Custom security objects may seem like a good idea in a web application. The .NET security model is extensible making it easy to store more than just the basic information in the security principal (IPrincipal).
Having said that, there is also a potential problem with this when the security principal crosses appdomains. Crossing an appdomain boundary requires serialization on both sides and that's where things can go wrong.
If you run a basic web application odds are you don't register your assemblies in the GAC; that's what xcopy deployment is all about, right? Well that also means deserialization is impossible because the receiving app domain is likely not to be aware of your web application's /bin folder.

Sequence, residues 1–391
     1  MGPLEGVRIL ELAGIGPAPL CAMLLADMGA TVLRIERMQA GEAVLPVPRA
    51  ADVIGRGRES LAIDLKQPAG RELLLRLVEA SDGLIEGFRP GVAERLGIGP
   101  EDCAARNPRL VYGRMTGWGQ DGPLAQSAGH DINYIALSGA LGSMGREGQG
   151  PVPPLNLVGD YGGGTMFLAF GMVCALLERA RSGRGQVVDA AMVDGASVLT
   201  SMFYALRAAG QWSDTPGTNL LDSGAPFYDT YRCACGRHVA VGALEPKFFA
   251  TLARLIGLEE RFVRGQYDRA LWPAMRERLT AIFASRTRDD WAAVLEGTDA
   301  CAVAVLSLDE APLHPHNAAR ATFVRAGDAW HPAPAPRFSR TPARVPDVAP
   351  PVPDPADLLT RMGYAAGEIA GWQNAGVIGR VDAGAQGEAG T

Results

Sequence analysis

So, make sure this doesn't happen, you might think. Well, in some cases you don't have a choice. A prominent example is SqlDependency.Start. Internally the SqlDependency creates a new app domain to handle the SqlServer notifications and it will fail if you're using custom implementations of IPrincipal and/or IIdentity that are serializable. Note that if you don't make these classes serializable SqlDependency will work.
I came across this issue after switching to out-of-process session state on one of my projects. Out-of-process session state requires serialization. Since objects representing users were stored in session state, I implemented serialization support on them. All of the sudden, SqlDependency.Start starts throwing exceptions like "Assembly not found". Thankfully, Microsoft has blessed us with the sources to the .NET framework which made debugging this issue a lot less painful.